By Mike Schaefer
I read with great interest the article on indoor ACs in the April 2020 RACA Journal. Since the introduction of outside air is not the only drawback;
I would like to add more factors on this matter.
In my opinion, the extensive use of the unitary/split system has lowered the image of, and has also incurred great damage to, the air-conditioning industry.
We had engineers, technicians and artisans who understood the subject of air conditioning, and a lot of this knowledge has disappeared with the retired people who have been replaced by companies, staff and customers who see this more affordable solution to every air-conditioning requirement.
The article focused on the lack of, or rather – non-existence, of outside air introduction. This is not the only shortcoming when using split systems, so, here are a few more factors. There are models where it is possible, such as under-ceiling and hide away units.
Using mid wall splits, return air enters on top and the supply air is discharged at the bottom via a single outlet below, sweeping low temperature air into mostly unwanted directions. Unless the return air is at a high temperature, the low temperature air blown at occupants defeats all purpose of proper air distribution.
Ceiling cassettes – if installed correctly, provide a somewhat better distribution, yet many of them have an undesirable sweeping action. Surely the reason for this type of air distribution is that, in most cases, the equipment is unable to maintain overall room comfort – and relies on the supply air blowing into your face?
Hide away provides the best results as far as air distribution is concerned – ducting supplying air to correctly-sized diffusers in the correct areas will do a good job. As for outside air introduction and the right air quantities, this is possible with the correct engineering knowledge.
Correct air quantity
To achieve the correct desired space conditions related to the load and capacity, the system has to have the correct air leaving temperature and air quantity. Herein lies the biggest problem in the use of this type of equipment – it is designed with low noise levels in mind which can be achieved with low air quantities.
Low air quantity results in higher DT, lower leaving temperature and unnecessary de-humidification. Rating conditions quoted as indoor 27°dB/19wB are test conditions with continuous heat and moisture being added. In reality these conditions indicate common international ratings and are not possible unless you introduce outside air into the return air.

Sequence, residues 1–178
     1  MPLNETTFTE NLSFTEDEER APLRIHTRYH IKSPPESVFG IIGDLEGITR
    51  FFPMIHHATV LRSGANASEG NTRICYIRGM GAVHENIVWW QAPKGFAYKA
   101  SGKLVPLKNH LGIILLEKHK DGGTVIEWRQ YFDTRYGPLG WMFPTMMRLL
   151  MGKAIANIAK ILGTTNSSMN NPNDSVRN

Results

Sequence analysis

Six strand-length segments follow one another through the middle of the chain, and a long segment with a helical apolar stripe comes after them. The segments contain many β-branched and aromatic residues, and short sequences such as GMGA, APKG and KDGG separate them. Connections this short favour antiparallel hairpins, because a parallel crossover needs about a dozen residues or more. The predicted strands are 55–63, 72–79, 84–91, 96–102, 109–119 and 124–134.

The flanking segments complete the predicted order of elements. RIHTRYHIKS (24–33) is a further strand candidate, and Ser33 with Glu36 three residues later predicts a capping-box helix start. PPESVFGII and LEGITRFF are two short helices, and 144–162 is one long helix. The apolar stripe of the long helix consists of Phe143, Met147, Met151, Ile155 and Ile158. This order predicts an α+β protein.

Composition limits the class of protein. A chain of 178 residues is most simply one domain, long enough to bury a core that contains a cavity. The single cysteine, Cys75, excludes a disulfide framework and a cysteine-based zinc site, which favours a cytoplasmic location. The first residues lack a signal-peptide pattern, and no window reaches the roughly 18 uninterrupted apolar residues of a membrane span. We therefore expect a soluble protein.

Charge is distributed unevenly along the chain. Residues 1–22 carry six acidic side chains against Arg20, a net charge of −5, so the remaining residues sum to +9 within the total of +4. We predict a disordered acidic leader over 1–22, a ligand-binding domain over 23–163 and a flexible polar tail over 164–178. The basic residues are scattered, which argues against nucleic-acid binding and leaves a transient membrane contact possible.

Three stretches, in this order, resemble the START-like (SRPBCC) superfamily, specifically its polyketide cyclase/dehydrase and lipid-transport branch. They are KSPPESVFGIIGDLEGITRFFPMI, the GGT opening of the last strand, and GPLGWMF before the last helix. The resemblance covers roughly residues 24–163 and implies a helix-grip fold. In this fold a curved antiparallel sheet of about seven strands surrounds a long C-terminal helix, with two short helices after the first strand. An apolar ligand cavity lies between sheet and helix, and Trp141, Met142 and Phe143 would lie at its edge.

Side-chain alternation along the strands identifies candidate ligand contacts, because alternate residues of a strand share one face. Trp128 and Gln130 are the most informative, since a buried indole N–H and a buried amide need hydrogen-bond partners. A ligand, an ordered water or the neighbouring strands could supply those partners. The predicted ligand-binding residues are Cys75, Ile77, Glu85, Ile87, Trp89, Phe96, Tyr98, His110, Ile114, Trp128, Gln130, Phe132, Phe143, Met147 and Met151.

Unless the space has a very high moisture gain (unlikely in most applications) the resulting room and air entering conditions will always end in low humidity and temperature which in turn reduces the system capacity with a high-power consumption.
To achieve a more correct room condition, oversized systems with higher air quantities could do the job, provided the compressor capacity is reduced (inverter technology). The load calculations are a joke – they are done with a tape measure in two dimensions. The sizing of the equipment is in BTU. If it is too expensive, use a smaller unit; after all you don’t want it too cold!
While indoor sound levels are often acceptable, the literature however never states it correctly, always at the lowest airspeed and an unknown distance from the unit. The same applies for the outdoor units, depending on their positioning. Units above 65dBA are not uncommon and don’t comply with by-laws in South Africa.
Heat pumps/reverse cycle systems
I don’t want to go into details of reverse cycle systems and restrict my comments to the use of cooling only functions. Just to mention here, the biggest sales pitch rubbish is that the systems are advertised with power savings, which are only possible when heating is unlikely to be needed. Outside conditions are never quoted in wet-bulb temperature (WBT) and so on – another subject for another day.
It is interesting to note that VRV systems became very popular using indoor units as discussed above, but they have the same shortcomings. The advantage lies in the outdoor unit having better power factors and that they can be installed at distances where noise and serviceability is improved. Zoning is possible when typically interior zones require cooling while exterior zones require heating with excellent power savings in such cases.
The only advantage of split systems could be zoning? In short, the engineering science has left the industry and has been replaced by the ‘bakkie and ladder brigade science’.
The tools and quality of the ‘bakkie and ladder brigade (technicians)’ arise as a result of the split system dilemma. How and when the systems are installed can or can’t make it possible for them to be serviced or repaired.
Condensing or outdoor units are sometimes installed at 10 or more metres above the ground and indoor units at heights over permanent seating arrangements like conference centres or cinemas, where the floor can be at an angle. Such installations are a nightmare to get to.
Outdoor units installed inside are sometimes hidden away in spaces with very limited ventilation. I could go on and on with examples of crazy installations – enough to fill up books. Pipe sizing does no longer consider oil return, distance, height of indoor unit above the condensing unit, or pipe wall thickness when using R410.
Lifetime of equipment depends on the usage, installation and environment it’s operating in. If it fails or it was bought in a supermarket, obtaining spares or lack of knowledge of how to repair can be greatly problematic too.
These above points only touch on the subject, which is in fact enormous, leading to the question – “What has become of our industry?”